Reuters NewMedia - February 9, 2012
(Reuters) - Merck & Co's recently approved Victrelis treatment
for hepatitis C considerably lessens the effectiveness of some
widely used medicines against the virus that causes AIDS, Merck
and U.S. regulators said in separate reports.
"These drug interactions may be clinically significant for
patients infected with both chronic hepatitis C virus and HIV by
potentially reducing the effectiveness of these medicines when
co-administered," Merck said in a February 6 letter to healthcare
Victrelis, approved last May, attacks the hepatitis C virus that
over decades can lead to cirrhosis and liver failure. A
significant percentage of hepatitis patients are also infected
with the human immunodeficiency virus, or HIV, which weakens the
immune system and is fatal without treatment.
The drug interactions were seen in a study among healthy
volunteers who took Victrelis and the widely used HIV treatment
Norvir in combination with one of three other anti-HIV pills:
Reyataz (atazanavir), Prezista (darunavir) and Kaletra
(lopinavir/ritonavir). All of the HIV drugs work by blocking
protease, an enzyme the virus requires to replicate.
Victrelis reduced concentrations in the blood of Reyataz,
Prezista and Kaletra by an average 49 percent, 59 percent and 43
Further, levels of Victrelis itself were reduced by 45 percent
among volunteers who took it with Kaletra, and 32 percent among
those who took it with a combination of Norvir and Prezista.
ISI Group analyst Mark Schoenebaum said 10 percent to 15 percent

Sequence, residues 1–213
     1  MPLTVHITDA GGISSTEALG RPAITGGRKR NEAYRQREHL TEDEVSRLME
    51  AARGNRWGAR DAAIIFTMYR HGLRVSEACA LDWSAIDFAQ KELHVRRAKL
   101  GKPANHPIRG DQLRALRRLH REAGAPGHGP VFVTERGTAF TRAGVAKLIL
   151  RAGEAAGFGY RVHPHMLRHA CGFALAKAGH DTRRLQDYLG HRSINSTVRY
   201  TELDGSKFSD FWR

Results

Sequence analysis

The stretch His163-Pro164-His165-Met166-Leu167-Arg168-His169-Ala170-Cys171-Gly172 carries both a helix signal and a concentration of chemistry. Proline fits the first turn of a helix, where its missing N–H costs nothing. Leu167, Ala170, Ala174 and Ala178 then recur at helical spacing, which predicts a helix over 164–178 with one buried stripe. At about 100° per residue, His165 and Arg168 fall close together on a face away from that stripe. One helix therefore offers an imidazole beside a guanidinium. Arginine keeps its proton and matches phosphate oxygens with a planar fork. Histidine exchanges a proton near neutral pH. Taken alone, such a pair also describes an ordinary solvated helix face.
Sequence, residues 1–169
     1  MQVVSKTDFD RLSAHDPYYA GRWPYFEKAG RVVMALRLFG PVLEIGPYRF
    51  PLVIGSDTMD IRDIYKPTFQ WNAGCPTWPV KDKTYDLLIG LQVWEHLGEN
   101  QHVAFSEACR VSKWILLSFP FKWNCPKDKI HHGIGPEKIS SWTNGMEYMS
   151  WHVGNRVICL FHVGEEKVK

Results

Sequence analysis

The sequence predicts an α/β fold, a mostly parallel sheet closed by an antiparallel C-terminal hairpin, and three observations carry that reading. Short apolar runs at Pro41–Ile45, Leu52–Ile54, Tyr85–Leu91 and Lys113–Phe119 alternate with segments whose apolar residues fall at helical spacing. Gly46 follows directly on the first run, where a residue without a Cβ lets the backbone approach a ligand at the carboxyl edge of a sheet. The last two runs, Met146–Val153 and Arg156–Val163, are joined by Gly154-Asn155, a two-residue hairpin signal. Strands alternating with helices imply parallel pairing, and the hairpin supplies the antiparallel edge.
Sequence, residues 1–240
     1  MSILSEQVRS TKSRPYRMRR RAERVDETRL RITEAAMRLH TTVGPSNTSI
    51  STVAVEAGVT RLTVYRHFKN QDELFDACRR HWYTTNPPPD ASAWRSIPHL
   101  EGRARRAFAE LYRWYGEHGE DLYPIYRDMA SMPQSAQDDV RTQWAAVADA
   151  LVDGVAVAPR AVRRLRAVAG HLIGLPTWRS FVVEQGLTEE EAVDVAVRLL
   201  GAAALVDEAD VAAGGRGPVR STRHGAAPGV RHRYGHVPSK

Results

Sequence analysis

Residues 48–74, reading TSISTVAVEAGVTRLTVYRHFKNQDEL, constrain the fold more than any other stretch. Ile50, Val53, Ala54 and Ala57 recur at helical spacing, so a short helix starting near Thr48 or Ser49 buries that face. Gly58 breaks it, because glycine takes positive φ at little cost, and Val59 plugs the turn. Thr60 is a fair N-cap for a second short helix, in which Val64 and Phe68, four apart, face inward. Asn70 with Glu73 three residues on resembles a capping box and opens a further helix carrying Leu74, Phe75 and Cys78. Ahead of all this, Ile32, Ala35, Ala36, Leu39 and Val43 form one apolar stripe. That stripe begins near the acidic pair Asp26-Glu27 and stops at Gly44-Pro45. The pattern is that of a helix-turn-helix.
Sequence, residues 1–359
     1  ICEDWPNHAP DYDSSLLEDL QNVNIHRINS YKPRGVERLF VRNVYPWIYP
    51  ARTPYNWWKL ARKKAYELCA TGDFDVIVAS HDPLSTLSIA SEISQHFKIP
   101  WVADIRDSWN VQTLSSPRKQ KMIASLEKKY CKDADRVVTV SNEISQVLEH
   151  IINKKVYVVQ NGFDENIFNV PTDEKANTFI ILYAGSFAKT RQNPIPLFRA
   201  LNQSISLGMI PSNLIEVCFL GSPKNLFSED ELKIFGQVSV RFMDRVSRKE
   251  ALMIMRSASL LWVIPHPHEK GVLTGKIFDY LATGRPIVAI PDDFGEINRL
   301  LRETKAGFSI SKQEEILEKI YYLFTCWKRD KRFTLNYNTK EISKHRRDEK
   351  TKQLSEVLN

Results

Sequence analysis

of patients with hepatitis C are co-infected with HIV, and the
findings could crimp Victrelis sales by as much as 25 percent.
But he said the setback would have little impact on Merck's
earnings this year or in 2013.
The reduced prospects for Victrelis come even as its sales are
being dwarfed by Vertex Pharmaceuticals Inc's Incivek, a rival
protease inhibitor that was also approved last May.
The U.S. Food and Drug Administration, in an announcement of the
findings that appeared on the agency's website on Wednesday, said
patients should not stop taking any of their medicines without
talking to healthcare professionals.
Drug interactions had previously been found between Victrelis and
another HIV treatment called Sustiva (efavirenz). Sustiva belongs
to a family of HIV drugs called non-nucleoside reverse
transcriptase inhibitors (NNRTIs).
Merck said it was conducting drug-interaction studies of
Victrelis with other HIV drugs. They include Intelence
(etravirine), which is also a NNRTI, and Isentress (raltegravir),
which belongs to a class of drugs called HIV integrase
Merck shares slid 14 cents to $38.28 in afternoon trading on the
New York Stock Exchange.
(Reporting By Ransdell Pierson; editing by John Wallace and